Clippard says if he has any talent, it is in fundraising. His wife, Fran Clippard, decided to tap into that talent for a cause very dear to their hearts 25 years ago.
“I moved to Nashville in 1974 and met Fran. I chased her for a year and got her to marry me in 1975. After we married, we went to California to visit her brother, Donald, who was in an institution in California because he is a chronic schizophrenic.”
When Fran’s father died, Donald was moved to Tennessee and was in what was then called Central State Mental Hospital, says Clippard. “She loves her brother, and she would go see him almost every day. I would go every Sunday. I had been doing fundraising for different causes, and Fran came to me and said, ‘We are going to start a foundation and build a private home to help Donald and others like him with mental illness. We are going to sign a personal note for $25,000, and you are going to raise another $50,000.’ That was the birth of the Center for Living and Learning. We celebrate 25 years this year.”
The center is on a farm in Franklin and is a 24-hour residential facility with a side component job training day program.
“We started with room for three people. In 1991, we went to four, then six in 1998. In 2000, we built another room for 6 more. Somewhere along that time Fran started a job training program, and we built two greenhouses where we do hydroponic gardening and teach those with mental and physical disabilities to work. They work in the garden, in a bicycle repair show and then, when possible, we do job placement.”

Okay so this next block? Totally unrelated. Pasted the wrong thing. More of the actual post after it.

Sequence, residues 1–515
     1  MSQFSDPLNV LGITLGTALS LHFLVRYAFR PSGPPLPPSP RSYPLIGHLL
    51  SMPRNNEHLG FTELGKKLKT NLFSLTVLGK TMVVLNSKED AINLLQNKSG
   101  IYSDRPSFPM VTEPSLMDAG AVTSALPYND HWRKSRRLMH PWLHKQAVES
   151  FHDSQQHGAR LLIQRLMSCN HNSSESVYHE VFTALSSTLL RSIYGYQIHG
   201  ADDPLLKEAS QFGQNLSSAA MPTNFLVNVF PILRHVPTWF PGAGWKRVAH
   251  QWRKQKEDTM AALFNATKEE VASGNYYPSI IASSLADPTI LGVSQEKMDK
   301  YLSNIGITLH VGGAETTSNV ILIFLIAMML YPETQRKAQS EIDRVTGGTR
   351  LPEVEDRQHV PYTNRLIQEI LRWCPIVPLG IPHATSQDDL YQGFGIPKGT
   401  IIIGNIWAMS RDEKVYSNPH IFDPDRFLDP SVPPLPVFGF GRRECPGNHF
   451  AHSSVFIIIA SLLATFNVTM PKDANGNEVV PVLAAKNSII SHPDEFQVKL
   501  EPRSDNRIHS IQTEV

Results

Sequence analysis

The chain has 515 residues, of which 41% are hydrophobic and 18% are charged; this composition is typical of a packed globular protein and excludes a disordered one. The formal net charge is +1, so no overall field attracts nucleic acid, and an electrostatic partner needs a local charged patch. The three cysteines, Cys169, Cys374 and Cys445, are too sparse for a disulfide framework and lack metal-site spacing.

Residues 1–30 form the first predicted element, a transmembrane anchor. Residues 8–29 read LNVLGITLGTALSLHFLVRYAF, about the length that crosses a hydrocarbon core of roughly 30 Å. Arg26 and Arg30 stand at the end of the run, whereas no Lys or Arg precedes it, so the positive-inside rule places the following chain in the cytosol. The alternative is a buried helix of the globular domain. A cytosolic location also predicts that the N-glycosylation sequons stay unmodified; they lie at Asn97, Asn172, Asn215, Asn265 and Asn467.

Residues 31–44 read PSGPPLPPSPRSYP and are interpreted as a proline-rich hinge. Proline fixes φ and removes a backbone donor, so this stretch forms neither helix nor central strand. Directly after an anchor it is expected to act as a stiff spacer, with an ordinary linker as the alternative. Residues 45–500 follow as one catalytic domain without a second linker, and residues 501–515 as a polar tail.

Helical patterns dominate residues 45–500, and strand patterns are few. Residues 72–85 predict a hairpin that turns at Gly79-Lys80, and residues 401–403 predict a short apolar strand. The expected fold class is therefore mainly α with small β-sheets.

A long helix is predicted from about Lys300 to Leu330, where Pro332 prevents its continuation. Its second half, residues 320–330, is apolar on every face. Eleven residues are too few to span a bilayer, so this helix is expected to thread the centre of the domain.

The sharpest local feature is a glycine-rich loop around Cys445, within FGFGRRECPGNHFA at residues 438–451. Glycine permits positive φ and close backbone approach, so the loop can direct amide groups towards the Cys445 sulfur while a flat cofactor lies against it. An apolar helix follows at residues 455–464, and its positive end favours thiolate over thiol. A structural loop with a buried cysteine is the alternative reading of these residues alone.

Fran is executive director, and Scooter retired from FirstBank about four years ago to spend more time with the Center. They now have room for 14 residents plus 10 who come for the day program.
“The sad thing is we have a waiting list and are always full. Over the years we have graduated 29 people to their homes or apartments or back to families. Our goal is to get our residents to where they can live at their highest level of productivity, whatever that is. It is all run by private dollars and is considered a model program.”
The Clippard’s daughter, Candace is 24 and was an outstanding soccer player at Samford University and is now back in Nashville as assistant soccer coach at Brentwood Academy and working for a Christian athletic camp called Barefoot Republic.
“It is for children who would never get to go to camp. She took after her mom,” says Scooter, proudly.
Not a bad resume for someone who spent most of his time in the principal’s office. As for not wanting his name in the paper, it’s not the Scooter Clippard, Jr., he minds.
“Okay,” he says with a sigh. “The B.C. in B.C. Clippard, Jr., stand for Bernard Cole. But I’ve always been Scooter.”
Also being honored as Starlight award winners are Richard Harbison for Distinguished Service; Katie Gamble for Outstanding Young Alumni; Clayton Homes for Community Partnership; and Cindy Wilson for Family Partnership.
The Starlight awards will be given to the recipients at the Starlight Gala on Saturday, Feb. 19, at the Clayton Center for the Arts on the Maryville College campus. Community members are encouraged to purchase tickets to attend the award ceremony and dinner. The evening will also include a live auction. For more information or to purchase the $100 ticket, contact Barbara Jenkins, MCSF executive director, at 865-982-7121 or firstname.lastname@example.org.